Why do some children succeed while others fail? The story we usually tell about childhood and success is the one about intelligence: success comes to those who score highest on tests, from preschool admissions to SATs. But in How Children Succeed, Paul Tough argues that the qualities that matter more have to do with character: skills like perseverance, curiosity, optimism, and self-control.

How Children Succeed introduces us to a new generation of researchers and educators, who, for the first time, are using the tools of science to peel back the mysteries of character. Through their stories—and the stories of the children they are trying to help—Tough reveals how this new knowledge can transform young people’s lives. He uncovers the surprising ways in which parents do—and do not—prepare their children for adulthood. And he provides us with new insights into how to improve the lives of children growing up in poverty. This provocative and profoundly hopeful book will not only inspire and engage readers, it will also change our understanding of childhood itself.

“Illuminates the extremes of American childhood: for rich kids, a safety net drawn so tight it’s a harness; for poor kids, almost nothing to break their fall.”—New York Times

“I learned so much reading this book and I came away full of hope about how we can make life better for all kinds of kids.”—Slate
FEW TECHNOLOGICAL ACHIEVEMENTS are as impressive as the ability to see our own planet from outer space. The beautiful sphere suspended against the black void of space makes plain the bond that the billions of us on Earth have in common.

This global consciousness inspires space travellers who then provide emotional and spiritual observations. Their views from outer space awaken them to a grand realization that all who share our planet make up a single community. They think this viewpoint will help unite the nations of the world in order to build a peaceful future for the present generation and the ones that follow.

Many poets, philosophers, and writers have criticized the artificial borders that separate people preoccupied with the notion of nationhood. Despite the visions and hopes of astronauts, poets, writers, and visionaries, the reality is that nations are continuously at war with one another, and poverty and hunger prevail in many places throughout the world, including the United States.

So far, no astronaut arriving back on Earth with this new social consciousness has pro- posed to transcend the world's limitations with a world where no national boundaries exist. Each remains loyal to his/her particular nation-state, and doesn’t venture beyond patriotism - "my country, right or wrong" – because doing so may risk their positions.

Most problems we face in the world today are of our own making. We must accept that the future depends upon us. Interventions by mythical or divine characters in white robes descending from the clouds, or by visitors from other worlds, are illusions that cannot solve the problems of our modern world. The future of the world is our responsibility and depends upon decisions we make today. We are our own salvation or damnation. The shape and solutions of the future depend totally on the collective effort of all people working together.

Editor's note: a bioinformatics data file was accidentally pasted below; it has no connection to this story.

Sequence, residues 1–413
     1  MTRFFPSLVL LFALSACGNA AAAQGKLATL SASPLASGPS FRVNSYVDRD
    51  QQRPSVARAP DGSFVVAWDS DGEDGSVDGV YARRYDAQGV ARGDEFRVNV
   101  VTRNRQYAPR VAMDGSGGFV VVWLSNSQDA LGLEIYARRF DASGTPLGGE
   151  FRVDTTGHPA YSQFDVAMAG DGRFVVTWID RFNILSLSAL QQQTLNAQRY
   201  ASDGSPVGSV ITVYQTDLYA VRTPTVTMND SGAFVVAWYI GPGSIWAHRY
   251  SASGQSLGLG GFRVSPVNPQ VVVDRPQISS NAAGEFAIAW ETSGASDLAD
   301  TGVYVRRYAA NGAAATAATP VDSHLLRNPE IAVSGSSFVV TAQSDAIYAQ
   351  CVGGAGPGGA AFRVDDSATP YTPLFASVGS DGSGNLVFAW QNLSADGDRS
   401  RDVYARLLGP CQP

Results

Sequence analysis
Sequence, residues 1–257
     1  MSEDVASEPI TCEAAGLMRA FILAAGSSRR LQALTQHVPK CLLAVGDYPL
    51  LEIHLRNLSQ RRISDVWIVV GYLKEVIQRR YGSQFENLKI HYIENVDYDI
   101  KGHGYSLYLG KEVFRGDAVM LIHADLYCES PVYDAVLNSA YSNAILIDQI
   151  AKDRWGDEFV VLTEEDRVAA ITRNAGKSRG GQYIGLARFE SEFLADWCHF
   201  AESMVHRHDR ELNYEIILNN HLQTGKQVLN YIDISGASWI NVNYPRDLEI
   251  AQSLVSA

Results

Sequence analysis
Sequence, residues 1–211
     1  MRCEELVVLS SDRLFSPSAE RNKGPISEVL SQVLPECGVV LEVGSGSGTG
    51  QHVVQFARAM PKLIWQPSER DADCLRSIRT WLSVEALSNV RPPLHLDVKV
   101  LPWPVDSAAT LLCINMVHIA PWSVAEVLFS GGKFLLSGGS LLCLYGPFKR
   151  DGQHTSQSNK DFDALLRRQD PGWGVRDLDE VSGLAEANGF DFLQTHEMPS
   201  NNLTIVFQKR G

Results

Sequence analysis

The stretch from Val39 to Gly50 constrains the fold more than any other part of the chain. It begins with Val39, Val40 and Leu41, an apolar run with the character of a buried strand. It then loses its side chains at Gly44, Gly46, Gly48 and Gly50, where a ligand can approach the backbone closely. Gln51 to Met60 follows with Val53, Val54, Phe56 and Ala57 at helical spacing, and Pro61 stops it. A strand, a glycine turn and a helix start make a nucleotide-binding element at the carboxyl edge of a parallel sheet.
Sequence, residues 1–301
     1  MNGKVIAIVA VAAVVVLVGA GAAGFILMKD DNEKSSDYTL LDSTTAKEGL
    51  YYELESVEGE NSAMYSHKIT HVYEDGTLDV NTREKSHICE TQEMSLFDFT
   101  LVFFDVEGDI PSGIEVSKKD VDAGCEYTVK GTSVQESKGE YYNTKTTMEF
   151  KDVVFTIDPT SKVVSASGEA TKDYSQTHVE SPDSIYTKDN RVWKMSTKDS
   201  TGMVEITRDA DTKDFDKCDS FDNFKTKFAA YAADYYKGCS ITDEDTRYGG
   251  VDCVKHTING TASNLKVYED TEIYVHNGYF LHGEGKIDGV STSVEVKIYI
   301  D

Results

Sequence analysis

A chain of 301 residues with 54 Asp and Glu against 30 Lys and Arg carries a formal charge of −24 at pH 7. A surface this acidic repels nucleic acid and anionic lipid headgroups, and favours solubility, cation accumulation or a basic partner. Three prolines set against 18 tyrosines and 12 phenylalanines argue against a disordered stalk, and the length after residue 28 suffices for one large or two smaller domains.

NAMED ONE OF THE BEST BOOKS OF THE YEAR BY
The Atlantic • The Huffington Post • Men’s Journal • MSN (U.K.) • Kirkus Reviews • Publishers Weekly

#1 NEW YORK TIMES BESTSELLER • WINNER OF THE JAMES BEARD FOUNDATION AWARD FOR WRITING AND LITERATURE

Every year, the average American eats thirty-three pounds of cheese and seventy pounds of sugar. Every day, we ingest 8,500 milligrams of salt, double the recommended amount, almost none of which comes from the shakers on our table. It comes from processed food, an industry that hauls in $1 trillion in annual sales. In Salt Sugar Fat, Pulitzer Prize–winning investigative reporter Michael Moss shows how we ended up here. Featuring examples from Kraft, Coca-Cola, Lunchables, Frito-Lay, Nestlé, Oreos, Capri Sun, and many more, Moss’s explosive, empowering narrative is grounded in meticulous, eye-opening research. He takes us into labs where scientists calculate the “bliss point” of sugary beverages, unearths marketing techniques taken straight from tobacco company playbooks, and talks to concerned insiders who make startling confessions. Just as millions of “heavy users” are addicted to salt, sugar, and fat, so too are the companies that peddle them. You will never look at a nutrition label the same way again.
 
Praise for Salt Sugar Fat
 
“[Michael] Moss has written a Fast Food Nation for the processed food industry. Burrowing deep inside the big food manufacturers, he discovered how junk food is formulated to make us eat more of it and, he argues persuasively, actually to addict us.”—Michael Pollan
 
“If you had any doubt as to the food industry’s complicity in our obesity epidemic, it will evaporate when you read this book.”—The Washington Post
 
“Vital reading for the discerning food consumer.”—The Wall Street Journal
 
“The chilling story of how the food giants have seduced everyone in this country . . . Michael Moss understands a vital and terrifying truth: that we are not just eating fast food when we succumb to the siren song of sugar, fat, and salt. We are fundamentally changing our lives—and the world around us.”—Alice Waters
 
“Propulsively written [and] persuasively argued . . . an exactingly researched, deeply reported work of advocacy journalism.”—The Boston Globe